In the madness and chaos that is war, there have been many, many times when soldiers have shot at their own comrades, mistaking them for the enemy. With his head down in a foxhole at night, it’s hard to know for sure if the guy approaching is on the same side. Maybe a fellow Marine is out of position and his buddies open fire. A fighter pilot may accidentally drop his bombs a little short of the target, spraying death among his own. A tank may look, from a distance, like one belonging to the enemy.
We call these “friendly fire” incidents, and they drive commanders, politicians, and the general population crazy.
Back on September 6, 1939, the British called it The Battle of Barking Creek.
Having declared war on Germany for their invasion of Poland, the British war was now just three days old. And since the war was being fought in Poland, British pilots hadn’t really seen the enemy, they hadn’t seen an enemy plane, they weren’t familiar with their own planes in combat, and they weren’t really used to air combat at all.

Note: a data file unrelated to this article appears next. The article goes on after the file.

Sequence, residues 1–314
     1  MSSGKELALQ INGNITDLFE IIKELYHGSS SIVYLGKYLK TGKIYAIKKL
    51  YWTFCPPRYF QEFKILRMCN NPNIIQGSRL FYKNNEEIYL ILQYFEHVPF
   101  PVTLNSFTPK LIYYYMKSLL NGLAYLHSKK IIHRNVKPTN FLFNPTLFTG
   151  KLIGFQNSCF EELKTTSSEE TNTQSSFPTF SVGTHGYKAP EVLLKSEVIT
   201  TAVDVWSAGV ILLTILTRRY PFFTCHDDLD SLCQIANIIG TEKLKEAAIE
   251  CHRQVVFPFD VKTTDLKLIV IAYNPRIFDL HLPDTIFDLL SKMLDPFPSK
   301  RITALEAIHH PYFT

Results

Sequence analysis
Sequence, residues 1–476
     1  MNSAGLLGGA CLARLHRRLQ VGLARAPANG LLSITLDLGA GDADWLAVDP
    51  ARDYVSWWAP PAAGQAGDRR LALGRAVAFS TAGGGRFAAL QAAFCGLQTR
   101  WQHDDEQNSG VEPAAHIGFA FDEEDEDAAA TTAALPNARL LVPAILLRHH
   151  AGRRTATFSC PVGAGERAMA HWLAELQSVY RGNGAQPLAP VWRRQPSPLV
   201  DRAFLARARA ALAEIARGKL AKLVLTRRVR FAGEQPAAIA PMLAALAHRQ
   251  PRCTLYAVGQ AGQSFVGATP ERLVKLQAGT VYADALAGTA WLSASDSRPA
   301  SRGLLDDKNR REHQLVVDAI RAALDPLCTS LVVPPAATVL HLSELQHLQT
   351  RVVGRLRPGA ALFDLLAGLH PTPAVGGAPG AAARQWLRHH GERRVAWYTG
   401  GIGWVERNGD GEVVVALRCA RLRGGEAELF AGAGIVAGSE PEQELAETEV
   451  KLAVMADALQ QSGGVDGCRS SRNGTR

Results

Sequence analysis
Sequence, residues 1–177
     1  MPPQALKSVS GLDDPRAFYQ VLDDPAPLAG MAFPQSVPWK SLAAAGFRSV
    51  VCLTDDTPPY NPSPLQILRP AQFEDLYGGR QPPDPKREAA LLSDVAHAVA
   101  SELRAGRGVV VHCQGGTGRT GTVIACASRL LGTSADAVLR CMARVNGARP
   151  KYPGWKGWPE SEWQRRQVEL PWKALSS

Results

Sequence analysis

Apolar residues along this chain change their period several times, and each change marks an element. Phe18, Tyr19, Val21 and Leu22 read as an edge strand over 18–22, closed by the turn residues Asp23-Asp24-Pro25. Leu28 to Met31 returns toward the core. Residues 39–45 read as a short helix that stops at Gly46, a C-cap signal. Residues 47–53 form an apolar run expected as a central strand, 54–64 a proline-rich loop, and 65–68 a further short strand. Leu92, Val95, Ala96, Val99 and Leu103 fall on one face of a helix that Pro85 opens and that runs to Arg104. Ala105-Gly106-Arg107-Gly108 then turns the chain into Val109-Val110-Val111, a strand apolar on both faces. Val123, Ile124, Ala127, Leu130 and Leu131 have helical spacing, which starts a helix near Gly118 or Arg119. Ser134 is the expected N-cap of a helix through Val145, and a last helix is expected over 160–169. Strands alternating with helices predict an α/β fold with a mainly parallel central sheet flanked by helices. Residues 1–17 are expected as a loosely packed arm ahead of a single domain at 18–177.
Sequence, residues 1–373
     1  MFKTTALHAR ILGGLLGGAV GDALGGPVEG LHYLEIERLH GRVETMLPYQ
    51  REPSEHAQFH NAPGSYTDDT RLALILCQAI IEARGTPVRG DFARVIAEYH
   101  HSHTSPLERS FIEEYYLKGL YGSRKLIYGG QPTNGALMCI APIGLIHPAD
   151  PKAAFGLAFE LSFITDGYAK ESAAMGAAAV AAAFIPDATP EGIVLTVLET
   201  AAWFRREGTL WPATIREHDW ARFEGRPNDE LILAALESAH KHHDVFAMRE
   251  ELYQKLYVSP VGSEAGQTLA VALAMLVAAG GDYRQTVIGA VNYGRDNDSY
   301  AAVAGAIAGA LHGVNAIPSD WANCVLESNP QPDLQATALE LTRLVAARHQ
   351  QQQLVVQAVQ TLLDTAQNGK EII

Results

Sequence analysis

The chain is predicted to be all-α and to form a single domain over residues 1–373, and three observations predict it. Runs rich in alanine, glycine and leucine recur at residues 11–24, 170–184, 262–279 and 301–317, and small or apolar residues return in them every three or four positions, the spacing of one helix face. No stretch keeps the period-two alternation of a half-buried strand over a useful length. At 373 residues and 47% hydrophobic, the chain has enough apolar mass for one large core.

So when the air raid sirens sounded, the Spitfires scrambled, looking for an enemy that, as it turns out, didn’t exist. It was a false alarm. But unbeknownst to the inexperienced pilots, some Pilot Officers flying Hawker Hurricanes were also sent up and followed from a distance.
And while you’d think the Spitfire guys would know what other planes in their own arsenal looked like, you’d be wrong in the thick of the first “air attack” of the war. The guys flying the Hurricanes got mistaken for Germans flying Messerschmitts and were summarily attacked. Both were shot down and one of the pilots was killed…the first British pilot to be killed in “combat” in World War II.
But as is the case with many of these tragic occurances, much was learned. The British learned that some of their pilots were woefully inept at aircraft identification, and they learned that their radar systems weren’t nearly as good at identifying enemy aircraft formations as originally thought. These lessons, brought about by unfortunate death, better prepared them for the time when enemy formations were really coming in anger…during the Battle of Britain.